Basements were once used solely as utility rooms that housed furnaces, laundry areas, and overflow storage for seasonal items, tools, and sometimes even root vegetables. Today, with the high cost of above-grade living space, many homeowners choose to finish parts of their basements to serve as living areas. While this is a great way to gain more space, if characteristic basement problems aren’t resolved first, occupants of these finished spaces may be exposed to a higher risk of some health problems. Even if you have no intention of using your basement as living space, health hazards that originate there can spread to other parts of your home. It pays to be aware of the risks that dwell in your basement and that could potentially affect your family’s health.
By Glenda Taylor
Basements are damp, which is precisely the environment in which mold thrives. Any kind of mold, not just the deadly black stachybotrys variety, can lead to respiratory problems. Typical health symptoms associated with the inhalation of mold spores include a runny nose, excessive sneezing, coughing, watery eyes, or dry, itchy skin. Those with allergies can suffer broader, more intense respiratory effects, including difficulty breathing and chest tightness. To reduce the risk of mold, use a dehumidifier, seal cracks in the foundation, and replace carpeting with tile, vinyl, or another appropriate hard flooring.
Not every basement laundry area enjoys adequate dryer venting from the basement to the outdoors. Rather than running a vent pipe to the outside of the house, some homeowners opt to outfit the dryer with a device that catches lint and then recirculates warm air from the dryer throughout the basement. Unfortunately, the exhaust from the dryer also includes chemicals from laundry detergents, which are released into the basement air where they can trigger respiratory problems. If you spend any time in your basement, have your dryer vented to the outdoors.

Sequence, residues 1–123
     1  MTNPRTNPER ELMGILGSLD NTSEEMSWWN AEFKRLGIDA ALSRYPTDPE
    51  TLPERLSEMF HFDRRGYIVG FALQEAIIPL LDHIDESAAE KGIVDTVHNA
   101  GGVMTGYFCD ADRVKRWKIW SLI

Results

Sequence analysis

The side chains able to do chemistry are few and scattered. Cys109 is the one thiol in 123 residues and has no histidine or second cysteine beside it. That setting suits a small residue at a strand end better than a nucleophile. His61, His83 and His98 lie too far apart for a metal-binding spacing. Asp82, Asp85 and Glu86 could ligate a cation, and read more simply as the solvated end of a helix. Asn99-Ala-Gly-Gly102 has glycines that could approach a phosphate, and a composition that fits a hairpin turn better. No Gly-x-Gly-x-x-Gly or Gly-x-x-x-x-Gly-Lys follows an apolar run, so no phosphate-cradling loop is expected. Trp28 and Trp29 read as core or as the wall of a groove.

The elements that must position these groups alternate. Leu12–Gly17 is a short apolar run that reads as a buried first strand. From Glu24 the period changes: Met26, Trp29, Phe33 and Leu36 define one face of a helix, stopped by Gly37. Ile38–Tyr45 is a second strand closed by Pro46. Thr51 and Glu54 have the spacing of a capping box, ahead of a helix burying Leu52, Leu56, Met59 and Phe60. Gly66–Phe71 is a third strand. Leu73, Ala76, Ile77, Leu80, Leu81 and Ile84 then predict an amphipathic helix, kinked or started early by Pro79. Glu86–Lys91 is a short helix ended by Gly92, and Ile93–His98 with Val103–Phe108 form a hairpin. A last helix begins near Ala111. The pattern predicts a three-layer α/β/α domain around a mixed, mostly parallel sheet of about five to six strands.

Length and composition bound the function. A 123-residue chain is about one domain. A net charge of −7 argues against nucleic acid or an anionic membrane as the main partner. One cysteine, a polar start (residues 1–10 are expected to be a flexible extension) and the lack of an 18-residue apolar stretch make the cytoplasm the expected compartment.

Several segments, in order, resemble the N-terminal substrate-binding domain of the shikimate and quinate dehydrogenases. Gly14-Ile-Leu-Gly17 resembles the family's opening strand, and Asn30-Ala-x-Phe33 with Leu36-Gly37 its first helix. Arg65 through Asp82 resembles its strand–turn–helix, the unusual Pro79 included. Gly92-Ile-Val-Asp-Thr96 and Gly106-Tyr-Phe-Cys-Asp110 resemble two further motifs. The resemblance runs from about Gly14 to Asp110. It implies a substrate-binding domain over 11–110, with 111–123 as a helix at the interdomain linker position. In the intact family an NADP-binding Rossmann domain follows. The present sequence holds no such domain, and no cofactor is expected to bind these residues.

Sewer gases contain not only methane, highly toxic ammonia, and hydrogen sulfide, but they also include fumes from solvents and other chemicals that have been introduced into the sewer system. Sewer gases are most likely to enter your home through a dry basement floor drain: When the plumbing trap, which is designed to block gases, dries out, sewer gases will seep into the basement. To prevent health problems that come from exposure to sewage fumes, regularly flush basement floor drains with water.
Fuel-fired furnaces are expected fixtures in basements, but without proper care and maintenance, they can produce a deadly by-product of combustion, carbon monoxide. This gas can then seep into the rest of the house, where it can create health problems and a dangerous risk of fire. Carbon monoxide is odorless and invisible and may not be noticed until occupants experience symptoms of carbon monoxide poisoning, such as headache, dizziness, or loss of judgment. At high concentrations, carbon monoxide can even lead to death. If you have a gas- or oil-fired furnace, have it inspected annually, and use carbon monoxide detectors in the basement and in upstairs rooms.
Basements are a favored storage spot for leftover cans of varnish, paint, and adhesives. Storing half-empty cans of chemical-laden mixtures can, however, introduce toxic substances into the air, because it’s difficult to seal cans completely once opened. Exposure to those chemicals, also known as volatile organic compounds (VOCs), can lead to allergies and disorders of the central nervous system, and long-term exposure can result in chronic health problems. Inspect your stored solvents and discard any that appear to have leaked. And, the next time you buy paint or varnish, choose low-VOC products to minimize your exposure to toxins.
Lack of Ventilation:
If you’ve ever noticed a stuffy smell when you’ve entered a basement, that odor is most likely the result of poor ventilation. While stuffy air below-grade won’t affect anyone living upstairs, it can trigger asthma attacks or other respiratory problems in those who spend time in a basement bedroom or rec room. If you’re going to use your basement as a living space, your best bet is to tie it into your home’s central HVAC system and open the basement windows frequently, even on chilly days, to let in fresh air.
Radon gas, which is produced by the radioactive decay of uranium, is present in soil, rocks, and even in the air you breathe. In small quantities, radon doesn’t present a health risk, but when it’s concentrated in a closed environment like your basement, it’s a different story. In high-risk areas, radon has a tendency to seep through basement cracks. Radon can then become trapped in a poorly ventilated basement, where it can threaten the health of occupants and potentially increase their risk of developing lung cancer. Keep track of radon levels in your house by installing a couple of radon detectors. If a detector senses high levels of radon, the EPA suggests that you have your home treated by a radon remediation expert.